Typography is far more than just letters and words on a page. In much the same way that tone of voice can alter a message, typography has the power to communicate a great deal simply through the forms of the letters and their layout on a page. Often, without you even realizing, it can completely affect the way you understand and interpret a written message.
In years gone by, when words were constructed with metal letters and inked on manual printing presses, typography was a skill reserved for those with years of training in their specialised trade. With computers has come an explosion of type, not all of it pleasing to the eye or communicating the intended message. Now almost anyone believes they can be a typographer. They have access to computer programs, usually with large collections of fonts, and they can resize and format type to create something expressive with letterforms. The problem is that not everyone can do it well.
In response, there has been a global resurgence of the highly skilled craft of lettering, which is the creation of original or project-specific type. Artists and designers, all with their own unique visions and techniques, are bringing character and new depth to typography. They are moving beyond the use of developed typefaces to create original type as one-off pieces of communication. Whether crafted with pen on paper, digitally, or as 3-dimensional forms, lettering enables words to have a stronger voice and visual presence. In many instances the letters act not only as captions or supporting visuals, but they become images in their own right, enhancing communication and impact as they go.
This renewed love affair with lettering represents a movement away from the computer to a more tactile and personal aesthetic. It is a reaction to the piles of typography we see on a daily basis and a rejection of the perfect and replicable nature of typefaces. Some describe lettering as showcasing the 'consistent imperfection' of the human hand. Through crafting individual letters a new value is added, and the stamp of the artist is made upon the work.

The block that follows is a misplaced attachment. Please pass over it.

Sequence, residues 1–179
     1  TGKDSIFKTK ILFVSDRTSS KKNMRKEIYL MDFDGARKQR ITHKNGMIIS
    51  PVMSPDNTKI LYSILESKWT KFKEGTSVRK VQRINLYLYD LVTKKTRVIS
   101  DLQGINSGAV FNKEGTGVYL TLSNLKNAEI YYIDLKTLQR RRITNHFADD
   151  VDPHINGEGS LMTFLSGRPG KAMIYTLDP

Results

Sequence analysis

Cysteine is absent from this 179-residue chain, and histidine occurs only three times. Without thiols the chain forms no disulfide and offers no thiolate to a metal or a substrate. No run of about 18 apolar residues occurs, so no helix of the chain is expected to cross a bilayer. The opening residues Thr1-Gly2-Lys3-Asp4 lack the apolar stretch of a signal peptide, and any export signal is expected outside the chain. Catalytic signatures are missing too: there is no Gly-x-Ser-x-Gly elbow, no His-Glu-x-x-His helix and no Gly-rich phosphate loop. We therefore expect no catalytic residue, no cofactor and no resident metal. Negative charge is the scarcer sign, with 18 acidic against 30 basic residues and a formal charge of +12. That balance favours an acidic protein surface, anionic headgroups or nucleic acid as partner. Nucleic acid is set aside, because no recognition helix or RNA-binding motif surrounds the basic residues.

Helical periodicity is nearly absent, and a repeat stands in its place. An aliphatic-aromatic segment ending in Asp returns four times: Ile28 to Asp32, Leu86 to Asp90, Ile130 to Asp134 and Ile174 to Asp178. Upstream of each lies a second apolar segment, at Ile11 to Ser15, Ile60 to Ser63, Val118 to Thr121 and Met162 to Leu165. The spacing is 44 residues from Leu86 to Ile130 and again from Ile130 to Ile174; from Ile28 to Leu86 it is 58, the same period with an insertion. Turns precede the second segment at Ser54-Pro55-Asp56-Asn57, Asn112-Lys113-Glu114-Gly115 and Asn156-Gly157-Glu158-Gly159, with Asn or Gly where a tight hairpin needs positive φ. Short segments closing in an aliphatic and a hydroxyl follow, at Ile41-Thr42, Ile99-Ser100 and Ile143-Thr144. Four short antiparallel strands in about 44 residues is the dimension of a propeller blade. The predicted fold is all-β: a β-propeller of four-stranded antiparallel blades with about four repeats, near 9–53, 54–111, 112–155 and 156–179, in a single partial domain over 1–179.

What I love most about the resurgence of lettering is the fact that it has returned typography to a specialised industry once more. In order to create well-crafted lettering, you need first to have a firm understanding of type and letters as forms, and move on from there. While some artists and designers do use fonts as a base from which to work, others rely solely on their memory and knowledge. They use their visual communication skills to further add expression, hierarchy, and, in turn, meaning to the words.
This is not to say that typography using existing fonts is any less important than original lettering. There is of course still a very necessary role for strong and informed typography, and illustrative lettering is by no means appropriate for use everywhere. But the fact that lettering celebrates words and letters, elevating them to an image-equivalent status, is something I hope will bring renewed importance to typography and craftsmanship.
In my new book The Little Book of Lettering I try to show some of the brilliant new work being created by today's lettering artists. Regardless of the medium each practitioner uses, no two styles or pieces of work are the same. Such is the nature of lettering. The process behind each piece is just as intriguing as the final work, with methods varying hugely from person to person and from project to project.